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Pentagon Investigation Concludes that Techniques in SOA Manuals were "Mistakes" PDF Print E-mail
In an announcement that seemed timed to get the least amount of press attention, the Pentagon's acting Inspector General, Russell Rau, said Friday (Feb. 21) that the Pentagon was right to absolve US officials of any responsibility for training of Latin American soldiers that included information about "motivation by fear, payment of bounties for enemy dead, false imprisonment and the use of truth serum." In the report, the Inspector General said that "mistakes" lead to the inclusion of "objectionable" information in manuals used to train Latin American soldiers and officers at the US Army School of the Americas (SOA) at Fort Benning, Georgia.

The report concluded that "no deliberate and orchestrated attempt was made to violate Defense Department or U.S. Army policies" and therefore "further investigation to assess individual responsibility is not required." The report did not appear to indicate how these "mistakes" were made or who was responsible for them. The investigation by the Inspector General began in September 1996 after the Pentagon admitted that torture, execution, false imprisonment, extortion and other techniques were included in training manuals used at the SOA and by mobile training units in Latin America until 1991.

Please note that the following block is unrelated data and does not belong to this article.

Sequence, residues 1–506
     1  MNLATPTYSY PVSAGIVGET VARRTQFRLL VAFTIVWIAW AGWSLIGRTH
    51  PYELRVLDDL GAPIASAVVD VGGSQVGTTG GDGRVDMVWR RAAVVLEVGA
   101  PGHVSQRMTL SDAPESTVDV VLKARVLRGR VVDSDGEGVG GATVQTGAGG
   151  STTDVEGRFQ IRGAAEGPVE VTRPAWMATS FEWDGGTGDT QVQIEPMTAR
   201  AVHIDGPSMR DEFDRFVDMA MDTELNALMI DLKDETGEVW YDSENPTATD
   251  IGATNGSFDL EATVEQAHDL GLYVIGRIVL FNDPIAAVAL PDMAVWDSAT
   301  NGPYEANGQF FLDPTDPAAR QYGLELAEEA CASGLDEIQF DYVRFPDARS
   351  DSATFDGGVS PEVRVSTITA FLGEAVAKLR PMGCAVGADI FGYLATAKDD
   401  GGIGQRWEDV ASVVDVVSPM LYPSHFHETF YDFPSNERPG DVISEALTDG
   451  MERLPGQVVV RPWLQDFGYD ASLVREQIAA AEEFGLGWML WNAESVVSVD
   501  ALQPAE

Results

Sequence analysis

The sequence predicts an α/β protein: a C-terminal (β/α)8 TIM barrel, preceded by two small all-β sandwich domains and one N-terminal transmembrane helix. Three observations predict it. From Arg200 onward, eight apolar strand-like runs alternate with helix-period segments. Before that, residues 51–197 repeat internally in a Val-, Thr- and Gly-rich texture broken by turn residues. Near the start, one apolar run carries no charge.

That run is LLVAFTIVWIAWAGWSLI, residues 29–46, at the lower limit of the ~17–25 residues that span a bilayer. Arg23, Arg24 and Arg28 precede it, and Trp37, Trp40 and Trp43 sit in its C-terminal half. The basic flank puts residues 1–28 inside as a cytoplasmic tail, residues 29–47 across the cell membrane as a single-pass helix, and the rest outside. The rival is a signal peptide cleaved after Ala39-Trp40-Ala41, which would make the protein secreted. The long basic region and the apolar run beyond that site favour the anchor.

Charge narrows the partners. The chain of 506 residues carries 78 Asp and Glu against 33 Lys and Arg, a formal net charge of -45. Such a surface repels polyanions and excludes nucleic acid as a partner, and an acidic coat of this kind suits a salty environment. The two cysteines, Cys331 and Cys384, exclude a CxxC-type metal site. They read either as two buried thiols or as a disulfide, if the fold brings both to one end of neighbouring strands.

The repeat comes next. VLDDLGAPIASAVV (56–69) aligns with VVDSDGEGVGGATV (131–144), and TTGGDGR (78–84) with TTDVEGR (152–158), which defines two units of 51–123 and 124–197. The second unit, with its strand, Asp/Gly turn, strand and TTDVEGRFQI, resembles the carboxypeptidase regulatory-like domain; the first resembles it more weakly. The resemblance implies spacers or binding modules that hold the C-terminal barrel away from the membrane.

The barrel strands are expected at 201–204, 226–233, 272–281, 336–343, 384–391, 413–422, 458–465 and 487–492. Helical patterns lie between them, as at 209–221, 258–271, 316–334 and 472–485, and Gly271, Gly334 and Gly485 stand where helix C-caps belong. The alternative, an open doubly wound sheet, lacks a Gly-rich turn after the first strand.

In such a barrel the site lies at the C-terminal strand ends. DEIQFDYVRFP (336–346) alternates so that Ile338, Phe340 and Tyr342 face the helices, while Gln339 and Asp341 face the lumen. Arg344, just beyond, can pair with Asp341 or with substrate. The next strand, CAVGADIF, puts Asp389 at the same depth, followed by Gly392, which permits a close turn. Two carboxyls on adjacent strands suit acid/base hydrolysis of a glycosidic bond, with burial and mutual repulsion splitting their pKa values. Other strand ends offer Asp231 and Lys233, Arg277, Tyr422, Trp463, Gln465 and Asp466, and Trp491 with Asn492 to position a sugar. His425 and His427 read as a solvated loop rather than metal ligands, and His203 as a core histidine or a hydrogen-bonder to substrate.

In response to the Inspector General's report, Representative Joseph Kennedy (D-MA), a long- time opponent of the SOA, said in a statement, "These manuals taught tactics that come right out of a Soviet gulag and have no place in civilized society." Rep. Kennedy introduced a bill in early February in the House of Representatives that would close the SOA (HR 611).

Since its creation in 1946, the SOA has trained nearly 60,000 Latin American soldiers and officers. SOA graduates include former Panamanian dictator Manuel Noreiga, El Salvador death squad leader Roberto D'Aubuisson, and former dictators of Argentina, Peru, Ecuador, and Bolivia. SOA graduates were also responsible for the assassination of Archbishop Oscar Romero, the El Mozote massacre, the Uraba massacre, and the assassination of six Jesuit priests, their housekeeper and her daughter. Vladimiro Montesinos, another graduate of the SOA and right- hand man of Peruvian President Alberto Fujimori, has been implicated as the leader of the Grupo Colina death squad responsible for numerous massacres in Peru.
 

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